One of my personal growth practices is to watch a TED video every day. TED is an organization that sponsors cutting-edge ideas from interesting speakers, delivered using a video format in 20 minutes or less. TED videos contribute to my daily dose of education and inspiration, usually while I’m eating lunch or during an afternoon break.
I want to tell you about a TED video that truly inspired me. Filmed in July of 2011, it’s one of those rare gems that I’ve marked as a “favorite” and will be reviewing again and again in the future. The video is titled “A Doctor’s Touch,” by Dr. Abraham Verghese, a physician and writer. Dr. Verghese observes that patients in today’s world are treated by their doctors more as data points and as objects than as human beings. He notices, for example, how medical students discuss a patient’s condition by meeting around a conference table and discussing the patient’s computer file, rather than by circling the patient’s bed and using their hands to examine and connect with the patient. But the video goes much deeper than this.
There are important themes around ritual and connection that go way beyond the video’s medical context. Dr. Verghese’s message has implications not only for doctors but also for engineers, attorneys, executives, leaders, and especially coaches. Before going any further, I invite you to set aside 18 minutes and 32 seconds to watch this video. Then, finish reading this blog. If you’re reading this at the MasterCoaches website on a Flash-enabled device, simply click the play button on the video player below (refresh your browser if you don’t see it). You can also view the video at the TED website.
Warning: the text that follows is a spoiler. Watch the video first!
Assuming you watched the video, take a deep breath. Take a moment to be with Dr. Verghese’s final message: “I will always, always, always be there. I will see you through this. I will never abandon you. I will be with you through the end.” Do these words sound familiar? Great people in history have uttered them, and so have great parents, friends, and bosses. Even more powerful than the words is the subtext of love, care and concern underneath them. It doesn’t matter if it’s a physician at a patient’s bedside, or a father kissing his children goodnight, or an executive having a difficult conversation with one of her direct reports — we can all use the same subtext. The words coming out of our mouth are essentially meaningless. The context we give them and the emotional subtext underneath, however, make all the difference. I will always, always, always be there. I will see you through this. I will never abandon you. I will be with you through the end.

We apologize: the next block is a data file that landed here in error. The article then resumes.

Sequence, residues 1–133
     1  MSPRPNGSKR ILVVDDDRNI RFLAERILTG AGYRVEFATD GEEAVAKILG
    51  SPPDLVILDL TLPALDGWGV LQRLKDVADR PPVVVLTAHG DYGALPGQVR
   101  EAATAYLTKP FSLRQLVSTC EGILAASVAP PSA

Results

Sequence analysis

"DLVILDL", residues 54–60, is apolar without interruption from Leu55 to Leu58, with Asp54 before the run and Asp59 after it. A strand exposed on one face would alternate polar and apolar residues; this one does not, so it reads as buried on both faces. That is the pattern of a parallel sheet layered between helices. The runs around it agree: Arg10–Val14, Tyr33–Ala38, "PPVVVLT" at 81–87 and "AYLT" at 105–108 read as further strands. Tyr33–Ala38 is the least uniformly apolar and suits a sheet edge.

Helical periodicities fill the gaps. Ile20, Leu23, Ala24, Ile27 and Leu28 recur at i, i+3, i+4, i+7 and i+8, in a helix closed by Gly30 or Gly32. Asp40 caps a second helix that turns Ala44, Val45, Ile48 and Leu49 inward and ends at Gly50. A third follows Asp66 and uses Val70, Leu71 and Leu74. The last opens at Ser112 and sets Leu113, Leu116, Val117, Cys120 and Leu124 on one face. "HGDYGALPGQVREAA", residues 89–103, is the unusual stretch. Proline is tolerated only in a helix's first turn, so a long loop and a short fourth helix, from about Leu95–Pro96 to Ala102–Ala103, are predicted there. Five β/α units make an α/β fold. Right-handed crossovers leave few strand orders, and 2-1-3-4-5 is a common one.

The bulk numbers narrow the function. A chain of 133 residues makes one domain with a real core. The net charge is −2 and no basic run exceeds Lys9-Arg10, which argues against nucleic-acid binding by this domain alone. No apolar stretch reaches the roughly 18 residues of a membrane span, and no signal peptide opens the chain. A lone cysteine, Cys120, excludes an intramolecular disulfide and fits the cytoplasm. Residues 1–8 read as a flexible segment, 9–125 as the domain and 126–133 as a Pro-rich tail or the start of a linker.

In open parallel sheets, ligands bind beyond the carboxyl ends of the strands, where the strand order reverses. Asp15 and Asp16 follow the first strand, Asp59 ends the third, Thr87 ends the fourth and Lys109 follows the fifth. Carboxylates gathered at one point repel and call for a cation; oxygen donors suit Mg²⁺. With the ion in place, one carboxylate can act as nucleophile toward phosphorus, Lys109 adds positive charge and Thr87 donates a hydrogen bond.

Dr. Verghese also speaks of the power of ritual to transform. “The ritual of one individual coming to another and telling them things that they wouldn’t tell their preacher or rabbi….I would submit to you that this is a ritual of exceeding importance. And if we bypass that ritual…we have bypassed the opportunity to seal the patient-physician [or parent-child, or leader-follower] relationship.” Unfortunately, our fast-paced, technologically-intensive societies have moved us away from rituals. We have allowed rules and procedures to replace them. We have become inattentive.
My simple definition of ritual is a practice done with consciousness. It’s a practice that we engage in with all the presence and awareness that we can muster. As we engage in the ritual, something much higher than ourselves takes over. Transformation now becomes a real possibility. Every ritual is an invitation for the sacred to show up powerfully in the interaction.
My father was a physician, and a darn good one. When I was a young boy in Cuba, I remember how patients would come to our house in the afternoon and sit on the rocking chairs on our front porch, waiting for their turn to see my father. I remember my dad demonstrating to me the “percussion” method described in the video. He explained how the tapping (a precursor to the ultrasound) helped him examine and diagnose his patients. Dr. Verghese’s words “the power of the human hand to touch, to comfort, to diagnose, and to bring treatment” transported me back to those special moments with my father. My father had a powerful ritual that allowed him to connect with those he served.
I invite you to look at the practices you have in your life. Are they rituals? Is the sacred present?
As we engage in intellectual discussions with our colleagues, let’s invite our humanity to show up. We cannot lead or influence unless we’ve earned the right to do so — by connecting to something very deep in the mind, heart and soul of those we serve.